The pop-culture progress myth

"Transparent" earns Emmys, Beyoncé's "Lemonade" conquers all, "Girls" is still on — and Donald Trump still wins

Published November 19, 2016 11:30PM (EST)

 (HBO/Craig Blankenhorn/Getty/Mike Coppola/Amazon Studios)
(HBO/Craig Blankenhorn/Getty/Mike Coppola/Amazon Studios)

Selena Gomez, Nate Parker, Mindy Kaling, Viola Davis, Ta-Nehisi Coates, Noah Trevor, Sofia Vergara, Bruno Mars, Tegan & Sara, Lena Dunham, Mike Colter, Anderson Cooper, Ariana Grande, Caitlyn Jenner, Aziz Ansari, Rachel Maddow, Junot Diaz, Claudia Rankine, Lupita Nyong’o, Jill Soloway, Beyoncé and Solange Knowles.

A cursory glance at the last decade’s cultural output would seem to suggest a recharged Hands Across America, each palm a different size and shade, the grip of women and the queer community firmer than ever. In music, Nicki Minaj sounds off (again) against sexism in hip-hop. On television, there’s “Glee,” “Broad City,” “Orange Is the New Black,” “Transparent,” “Empire,” “Jane the Virgin,” “Fresh Off the Boat,” “Girls,” “This Is Us,” and of course the massively popular “Modern Family” — normalizing not only gay households but mixed-race and adoptee families (and bagging 22 Emmys along the way). In film, despite — and in part because of — the righteous ire of #OscarsSoWhite and feminist whistleblowers like the Bitch Pack, conversations about racial and gender inequities have perhaps never been so public. Disney’s record-breaking “Zootopia” explored the dangers of racial profiling. Leonardo DiCaprio co-produced a documentary about climate change.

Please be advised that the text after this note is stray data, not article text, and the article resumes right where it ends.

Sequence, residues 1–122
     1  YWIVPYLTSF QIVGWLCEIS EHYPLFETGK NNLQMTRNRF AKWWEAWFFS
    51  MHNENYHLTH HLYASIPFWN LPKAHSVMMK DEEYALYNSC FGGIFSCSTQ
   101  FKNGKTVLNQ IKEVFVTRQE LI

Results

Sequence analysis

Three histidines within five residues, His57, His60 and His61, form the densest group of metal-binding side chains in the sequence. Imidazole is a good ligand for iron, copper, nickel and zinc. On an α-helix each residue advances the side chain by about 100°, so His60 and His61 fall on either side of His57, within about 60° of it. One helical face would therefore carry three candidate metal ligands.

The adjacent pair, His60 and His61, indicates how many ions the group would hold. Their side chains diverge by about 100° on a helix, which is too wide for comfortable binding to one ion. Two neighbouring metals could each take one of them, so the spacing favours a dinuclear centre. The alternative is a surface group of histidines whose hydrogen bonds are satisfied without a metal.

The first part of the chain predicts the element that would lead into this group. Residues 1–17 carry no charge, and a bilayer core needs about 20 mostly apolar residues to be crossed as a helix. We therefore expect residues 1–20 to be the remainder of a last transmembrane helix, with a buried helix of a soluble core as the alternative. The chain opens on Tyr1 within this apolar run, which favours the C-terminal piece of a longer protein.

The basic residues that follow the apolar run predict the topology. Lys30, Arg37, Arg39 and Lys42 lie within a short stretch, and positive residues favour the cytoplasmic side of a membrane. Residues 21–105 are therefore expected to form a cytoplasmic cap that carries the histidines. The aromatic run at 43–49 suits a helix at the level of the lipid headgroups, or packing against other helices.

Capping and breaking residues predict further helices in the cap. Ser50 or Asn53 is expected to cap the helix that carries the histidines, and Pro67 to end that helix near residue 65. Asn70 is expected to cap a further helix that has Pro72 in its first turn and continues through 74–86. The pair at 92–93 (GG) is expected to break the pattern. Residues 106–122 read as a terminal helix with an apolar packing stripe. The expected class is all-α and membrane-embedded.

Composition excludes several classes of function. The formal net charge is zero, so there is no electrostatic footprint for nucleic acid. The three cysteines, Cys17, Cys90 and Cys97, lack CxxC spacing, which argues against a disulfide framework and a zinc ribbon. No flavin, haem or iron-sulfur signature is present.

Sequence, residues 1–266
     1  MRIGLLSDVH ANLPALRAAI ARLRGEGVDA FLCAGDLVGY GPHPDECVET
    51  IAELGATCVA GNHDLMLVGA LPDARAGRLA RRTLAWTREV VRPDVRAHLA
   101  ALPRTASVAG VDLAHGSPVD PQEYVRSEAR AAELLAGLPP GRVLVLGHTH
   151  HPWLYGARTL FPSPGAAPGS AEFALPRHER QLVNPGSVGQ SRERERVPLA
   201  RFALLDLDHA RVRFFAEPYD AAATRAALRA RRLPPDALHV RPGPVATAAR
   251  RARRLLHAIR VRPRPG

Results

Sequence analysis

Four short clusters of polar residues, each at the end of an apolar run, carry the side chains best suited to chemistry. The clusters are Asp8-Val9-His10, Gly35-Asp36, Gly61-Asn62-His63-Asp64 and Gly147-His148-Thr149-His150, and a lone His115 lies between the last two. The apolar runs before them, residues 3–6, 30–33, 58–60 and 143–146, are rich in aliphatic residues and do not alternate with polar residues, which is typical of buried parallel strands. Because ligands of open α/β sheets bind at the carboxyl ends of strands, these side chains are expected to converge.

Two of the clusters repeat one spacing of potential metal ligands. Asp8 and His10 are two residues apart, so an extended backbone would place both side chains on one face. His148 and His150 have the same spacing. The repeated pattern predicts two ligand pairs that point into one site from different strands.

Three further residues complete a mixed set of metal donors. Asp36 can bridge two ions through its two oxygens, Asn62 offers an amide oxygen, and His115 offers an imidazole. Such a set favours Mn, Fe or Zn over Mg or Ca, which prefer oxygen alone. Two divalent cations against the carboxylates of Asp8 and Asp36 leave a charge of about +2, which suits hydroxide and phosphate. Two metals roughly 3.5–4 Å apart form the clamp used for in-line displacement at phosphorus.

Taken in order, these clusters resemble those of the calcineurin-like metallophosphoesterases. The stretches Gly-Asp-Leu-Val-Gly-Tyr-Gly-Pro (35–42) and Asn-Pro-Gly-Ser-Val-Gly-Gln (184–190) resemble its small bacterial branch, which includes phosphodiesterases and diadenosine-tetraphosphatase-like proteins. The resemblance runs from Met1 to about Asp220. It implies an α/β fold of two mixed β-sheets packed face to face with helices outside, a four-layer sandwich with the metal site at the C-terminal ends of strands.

And of course there’s the fact that our country not once, but twice, elected an African-American president — a leader who, one once had the audacity to hope, would stabilize the economy after the Great Recession, unite a citizenry demoralized by two wars abroad, and then pass the baton to a former rival who’d then shatter the glass ceiling.

A little over a week ago, with pant-suited patriots posing at the polls and national pundits forecasting victory, it seemed the future would not only be female, but as proudly colorful as the Pantone flashmob pirouetting across Union Square.